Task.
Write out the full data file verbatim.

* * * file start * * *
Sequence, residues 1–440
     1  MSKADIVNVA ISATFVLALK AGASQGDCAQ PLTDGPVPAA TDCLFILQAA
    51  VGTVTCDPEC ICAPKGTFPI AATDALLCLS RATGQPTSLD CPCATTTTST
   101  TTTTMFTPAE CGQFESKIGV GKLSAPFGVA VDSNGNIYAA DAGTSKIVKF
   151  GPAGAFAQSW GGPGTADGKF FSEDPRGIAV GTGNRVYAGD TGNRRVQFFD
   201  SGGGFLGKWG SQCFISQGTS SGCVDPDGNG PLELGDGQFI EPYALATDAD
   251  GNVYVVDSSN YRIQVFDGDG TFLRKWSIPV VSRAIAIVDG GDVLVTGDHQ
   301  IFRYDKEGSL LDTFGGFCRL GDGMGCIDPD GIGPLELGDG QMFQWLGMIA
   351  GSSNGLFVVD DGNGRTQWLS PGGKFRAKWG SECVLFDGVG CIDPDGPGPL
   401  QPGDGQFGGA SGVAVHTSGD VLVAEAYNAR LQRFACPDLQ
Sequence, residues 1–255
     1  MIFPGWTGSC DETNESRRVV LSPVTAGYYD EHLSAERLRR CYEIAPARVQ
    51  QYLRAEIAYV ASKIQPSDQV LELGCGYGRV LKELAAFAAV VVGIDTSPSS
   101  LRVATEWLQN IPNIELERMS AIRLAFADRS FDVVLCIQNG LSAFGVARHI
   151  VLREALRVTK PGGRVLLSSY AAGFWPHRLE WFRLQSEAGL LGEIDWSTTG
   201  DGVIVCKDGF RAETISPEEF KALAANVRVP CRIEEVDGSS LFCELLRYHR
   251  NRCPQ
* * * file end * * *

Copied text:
Sequence, residues 1–440
     1  MSKADIVNVA ISATFVLALK AGASQGDCAQ PLTDGPVPAA TDCLFILQAA
    51  VGTVTCDPEC ICAPKGTFPI AATDALLCLS RATGQPTSLD CPCATTTTST
   101  TTTTMFTPAE CGQFESKIGV GKLSAPFGVA VDSNGNIYAA DAGTSKIVKF
   151  GPAGAFAQSW GGPGTADGKF FSEDPRGIAV GTGNRVYAGD TGNRRVQFFD
   201  SGGGFLGKWG SQCFISQGTS SGCVDPDGNG PLELGDGQFI EPYALATDAD
   251  GNVYVVDSSN YRIQVFDGDG TFLRKWSIPV VSRAIAIVDG GDVLVTGDHQ
   301  IFRYDKEGSL LDTFGGFCRL GDGMGCIDPD GIGPLELGDG QMFQWLGMIA
   351  GSSNGLFVVD DGNGRTQWLS PGGKFRAKWG SECVLFDGVG CIDPDGPGPL
   401  QPGDGQFGGA SGVAVHTSGD VLVAEAYNAR LQRFACPDLQ
Sequence, residues 1–255
     1  MIFPGWTGSC DETNESRRVV LSPVTAGYYD EHLSAERLRR CYEIAPARVQ
    51  QYLRAEIAYV ASKIQPSDQV LELGCGYGRV LKELAAFAAV VVGIDTSPSS
   101  LRVATEWLQN IPNIELERMS AIRLAFADRS FDVVLCIQNG LSAFGVARHI
   151  VLREALRVTK PGGRVLLSSY AAGFWPHRLE WFRLQSEAGL LGEIDWSTTG
   201  DGVIVCKDGF RAETISPEEF KALAANVRVP CRIEEVDGSS LFCELLRYHR
   251  NRCPQ